John R. Bradley

The Russian plane crash could undermine Putin’s Syria strategy

The Russian plane crash could undermine Putin's Syria strategy
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It now seems fairly likely that an explosion brought down the Russian passenger airline over Egypt's Sinai Peninsula over the weekend. One Metrojet official has already suggested that the 'only explainable cause is physical impact on the aircraft' and they have ruled out technical failure or human error. If the ongoing investigation proves that to be the case, it will obviously have an immediate and catastrophic impact on Egypt's already decimated tourism industry. A jihadist would have been able to infiltrate one of the country's supposedly most secure airports to plant a sizeable explosive device on a specific airline. PR disasters do not come much worse than that – and just one day before the country was due to launch a new global ad campaign promoting local tourism attractions with the slogan 'This is Egypt'.

But it would also be the most unwelcome news possible for Vladimir Putin, who sold military intervention in Syria to the Russian people as a way of making them safer. In turn, opponents of Russian intervention – the US, Turkey and the Gulf Arab despots – would be privately elated. For does this not prove their argument that Russian intervention only complicates the situation on the ground while increasing the threat of terror attacks?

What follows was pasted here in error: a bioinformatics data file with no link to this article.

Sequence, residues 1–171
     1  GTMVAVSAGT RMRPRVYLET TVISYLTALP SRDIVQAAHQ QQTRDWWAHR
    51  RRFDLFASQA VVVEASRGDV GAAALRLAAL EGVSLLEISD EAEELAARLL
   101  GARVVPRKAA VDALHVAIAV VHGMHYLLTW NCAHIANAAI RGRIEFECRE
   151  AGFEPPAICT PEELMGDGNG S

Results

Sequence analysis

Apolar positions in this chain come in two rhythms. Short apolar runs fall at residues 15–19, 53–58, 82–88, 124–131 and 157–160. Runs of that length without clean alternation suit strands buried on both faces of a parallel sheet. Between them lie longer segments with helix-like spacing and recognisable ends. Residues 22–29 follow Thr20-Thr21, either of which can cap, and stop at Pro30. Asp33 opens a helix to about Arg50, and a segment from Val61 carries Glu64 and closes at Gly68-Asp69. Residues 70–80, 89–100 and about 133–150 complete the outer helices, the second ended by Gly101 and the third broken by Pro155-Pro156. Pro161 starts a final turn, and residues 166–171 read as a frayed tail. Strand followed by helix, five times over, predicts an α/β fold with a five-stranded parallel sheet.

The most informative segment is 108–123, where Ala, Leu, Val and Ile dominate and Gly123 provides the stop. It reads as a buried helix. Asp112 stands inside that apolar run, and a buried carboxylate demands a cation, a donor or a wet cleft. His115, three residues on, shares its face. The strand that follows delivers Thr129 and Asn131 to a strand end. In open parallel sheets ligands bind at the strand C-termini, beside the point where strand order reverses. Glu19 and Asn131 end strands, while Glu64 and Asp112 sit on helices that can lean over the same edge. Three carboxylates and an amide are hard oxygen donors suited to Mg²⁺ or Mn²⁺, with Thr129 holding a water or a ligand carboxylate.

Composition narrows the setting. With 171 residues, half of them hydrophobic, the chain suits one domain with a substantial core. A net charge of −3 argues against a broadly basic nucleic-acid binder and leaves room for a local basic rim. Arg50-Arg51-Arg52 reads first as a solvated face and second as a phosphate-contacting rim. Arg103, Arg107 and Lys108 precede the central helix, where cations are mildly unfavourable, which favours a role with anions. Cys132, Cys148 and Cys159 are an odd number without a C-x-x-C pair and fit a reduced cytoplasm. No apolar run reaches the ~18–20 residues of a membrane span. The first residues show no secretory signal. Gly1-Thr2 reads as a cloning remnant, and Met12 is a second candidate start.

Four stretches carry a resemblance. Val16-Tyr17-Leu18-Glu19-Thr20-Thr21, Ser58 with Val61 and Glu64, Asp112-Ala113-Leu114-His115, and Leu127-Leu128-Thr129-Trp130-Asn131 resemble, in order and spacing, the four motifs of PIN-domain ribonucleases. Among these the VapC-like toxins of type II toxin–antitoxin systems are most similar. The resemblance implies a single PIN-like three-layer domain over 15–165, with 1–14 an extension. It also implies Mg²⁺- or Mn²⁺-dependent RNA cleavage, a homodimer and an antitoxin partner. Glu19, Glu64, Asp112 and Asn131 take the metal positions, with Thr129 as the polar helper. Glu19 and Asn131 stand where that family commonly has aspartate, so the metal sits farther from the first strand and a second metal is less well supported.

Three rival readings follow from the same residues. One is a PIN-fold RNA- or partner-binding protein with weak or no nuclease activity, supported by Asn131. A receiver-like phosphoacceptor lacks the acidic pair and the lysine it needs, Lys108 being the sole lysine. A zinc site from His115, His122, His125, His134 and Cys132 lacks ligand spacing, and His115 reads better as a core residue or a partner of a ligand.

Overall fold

Worse, from Putin's perspective, would be that despite a month of almost constant aerial bombardment from Russian and Syrian fighter jets and a barrage of cruise missiles, Islamic State have launched a successful counterattack in Syria. As the airline was falling to the ground, Islamic State, who have claimed responsibility for the crash, were inching closer towards control of a key section of a major motorway that is a crucial supply route for the Assad regime.

These dramatic developments come in the wake of the first round of peace talks in Vienna, at which the main participants – the US, Russia, Iran, Saudi Arabia and Turkey – merely agreed to disagree on the need to remove Assad from power. Syria will be invited to the next round of negotiations, scheduled for sometime during the coming months.

All, of course, realise that it is only worth negotiating from a position of strength. The anti-Assad allies will be hoping that Putin now fears a new Afghanistan, and will therefore be more flexible on the question of Assad's departure. They will also be determined to ramp up support for the so-called 'moderate rebels', especially given that Washington has recently sent in Special Forces to 'advise' them (or, in other words, act as human shields against Russian bombs).

But Putin is the last world leader to show weakness under duress. If the airplane disaster is proven to have been a planned attack, he is more likely to escalate air strikes dramatically in Syria while rallying the Russian masses to the fight against terror.

So at this stage only one thing is clear: those who thought Russian intervention in Syria signalled the swift demise of the Islamic State – and the pro-Putin channel Russia Today was practically calling victory after just a few days – were sadly mistaken.